“Buddhism” refers to a broad range of traditions, beliefs, and practices that originated approximately 2,500 years ago in the teachings of Gautama Buddha and that have been instantiated in diverse cultures across history since then. Although these instantiations share several core ideas in common (e.g., the Four Noble Truths, the Eightfold Noble Path, and Dependent Origination), they also differ in significant and meaningful ways.

At the same time, within all of Buddhism’s variations, we find beliefs and practices that do not fit easily within the culturally constructed Western category of “religion.” Even though traditional forms of Buddhism have religious, spiritual, and supernatural elements, they also have elements of a cosmology, a philosophy, a psychology, and an ethical–spiritual path (i.e., way of life; Kristeller & Rapgay, 2013). In this way, Buddhism shares similarities with the ancient Confucian, Daoist, and Greco–Roman traditions which also were ways of life aimed at cultivating well-being derived from living in accordance with virtue and wisdom (Hadot, 1995).

Although positive psychology (PP) is an empirically grounded secular undertaking, it shares an interest in promoting well-being that is common across the Confucian, Daoist, Greco–Roman, and Buddhist ways of life. Yet the question of how to incorporate the insights of a religious, philosophical, and ethical tradition like Buddhism into a secular, empirical undertaking like PP is fraught with difficulties. Helderman (2019) has explored the history of modern psychology’s attempts to incorporate Buddhist insights, including the difficulties these attempts have entailed. Such difficulties include the negotiation of culturally constructed boundaries among religion, secularity, empiricism, medicine, spirituality, psychotherapy, and well-being. The ultimate goal of Buddhism is enlightenment (bodhi), which both resonates with and diverges from PP’s emphases on eudaimonia, well-being, and psychological health.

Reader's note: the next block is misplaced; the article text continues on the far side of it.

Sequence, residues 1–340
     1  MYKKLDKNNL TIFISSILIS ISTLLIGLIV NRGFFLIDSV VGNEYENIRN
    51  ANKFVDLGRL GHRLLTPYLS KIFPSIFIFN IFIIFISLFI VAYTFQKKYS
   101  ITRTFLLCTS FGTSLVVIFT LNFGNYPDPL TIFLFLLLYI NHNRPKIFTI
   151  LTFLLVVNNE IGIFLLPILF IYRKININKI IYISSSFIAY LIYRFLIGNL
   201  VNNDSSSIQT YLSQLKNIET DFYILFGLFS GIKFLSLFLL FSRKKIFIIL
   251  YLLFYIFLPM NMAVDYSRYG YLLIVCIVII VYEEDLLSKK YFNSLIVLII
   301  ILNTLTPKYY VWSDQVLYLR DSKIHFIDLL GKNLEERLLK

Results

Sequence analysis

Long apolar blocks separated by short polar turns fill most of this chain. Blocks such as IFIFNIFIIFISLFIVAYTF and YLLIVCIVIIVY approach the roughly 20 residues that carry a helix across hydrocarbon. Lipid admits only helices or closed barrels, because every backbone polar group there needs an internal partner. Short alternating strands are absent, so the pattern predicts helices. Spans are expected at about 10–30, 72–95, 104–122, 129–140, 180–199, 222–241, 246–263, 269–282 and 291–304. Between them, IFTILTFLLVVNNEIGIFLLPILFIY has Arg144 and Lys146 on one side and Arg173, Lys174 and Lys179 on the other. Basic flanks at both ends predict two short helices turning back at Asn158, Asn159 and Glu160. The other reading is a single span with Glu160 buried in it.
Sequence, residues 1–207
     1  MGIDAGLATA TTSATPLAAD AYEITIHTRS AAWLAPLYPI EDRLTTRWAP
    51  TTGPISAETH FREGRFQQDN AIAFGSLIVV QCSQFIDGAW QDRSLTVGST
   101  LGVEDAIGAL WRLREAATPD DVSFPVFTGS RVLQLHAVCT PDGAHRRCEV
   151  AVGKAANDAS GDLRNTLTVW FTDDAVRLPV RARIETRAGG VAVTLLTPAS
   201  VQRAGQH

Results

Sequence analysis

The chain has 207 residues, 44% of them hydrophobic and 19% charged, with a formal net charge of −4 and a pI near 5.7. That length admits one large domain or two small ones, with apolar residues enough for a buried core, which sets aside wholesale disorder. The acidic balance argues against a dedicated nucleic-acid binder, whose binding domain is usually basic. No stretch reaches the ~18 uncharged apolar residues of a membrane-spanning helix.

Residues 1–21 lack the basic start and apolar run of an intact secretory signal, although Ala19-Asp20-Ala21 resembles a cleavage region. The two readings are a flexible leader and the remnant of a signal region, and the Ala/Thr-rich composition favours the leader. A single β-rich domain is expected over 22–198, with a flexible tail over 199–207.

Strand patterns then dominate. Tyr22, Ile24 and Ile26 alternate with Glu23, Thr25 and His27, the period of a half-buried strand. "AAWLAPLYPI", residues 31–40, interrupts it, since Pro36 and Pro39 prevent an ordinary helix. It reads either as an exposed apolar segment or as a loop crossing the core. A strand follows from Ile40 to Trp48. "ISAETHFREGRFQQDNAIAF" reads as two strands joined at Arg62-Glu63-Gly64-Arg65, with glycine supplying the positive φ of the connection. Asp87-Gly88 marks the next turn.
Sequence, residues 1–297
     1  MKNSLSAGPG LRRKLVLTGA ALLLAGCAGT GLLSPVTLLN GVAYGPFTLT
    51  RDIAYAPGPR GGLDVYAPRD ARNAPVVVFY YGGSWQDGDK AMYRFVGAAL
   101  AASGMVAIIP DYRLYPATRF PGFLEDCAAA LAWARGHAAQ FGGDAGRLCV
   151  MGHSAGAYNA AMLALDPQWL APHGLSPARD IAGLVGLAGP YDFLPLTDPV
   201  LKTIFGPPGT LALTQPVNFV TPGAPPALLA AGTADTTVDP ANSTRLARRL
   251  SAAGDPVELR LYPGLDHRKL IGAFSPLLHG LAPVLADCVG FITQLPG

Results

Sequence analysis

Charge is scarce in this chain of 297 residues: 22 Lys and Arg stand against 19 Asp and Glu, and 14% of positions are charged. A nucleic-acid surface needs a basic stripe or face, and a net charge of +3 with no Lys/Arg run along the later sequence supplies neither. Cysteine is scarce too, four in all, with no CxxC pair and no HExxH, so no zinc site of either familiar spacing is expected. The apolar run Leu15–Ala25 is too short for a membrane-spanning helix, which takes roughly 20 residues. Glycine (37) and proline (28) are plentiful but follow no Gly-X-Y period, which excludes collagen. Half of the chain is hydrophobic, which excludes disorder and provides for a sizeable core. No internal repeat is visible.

With such richness in mind, the current chapter begins by reviewing the main trajectories of Buddhist thought throughout Asian history and during its transmission to the West, focusing on themes that are common to most forms of Buddhism and are most relevant to PP. Then we summarize how mainstream psychology and PP have incorporated these themes and modalities, how fruitful this cross-pollination has been, and issues that call for further inquiry.

Early Buddhism

Buddhism developed on the Indian subcontinent between 400 and 100 BCE, when its core tenets were first elaborated, orally transmitted, and transcribed. Although Buddhist beliefs and practices continued to develop over subsequent millennia, all classical schools of Buddhism agree on the core doctrines of the Four Noble Truths, the Eightfold Noble Path, and Dependent Origination. Each of these doctrines is concerned with human suffering and how to remediate it.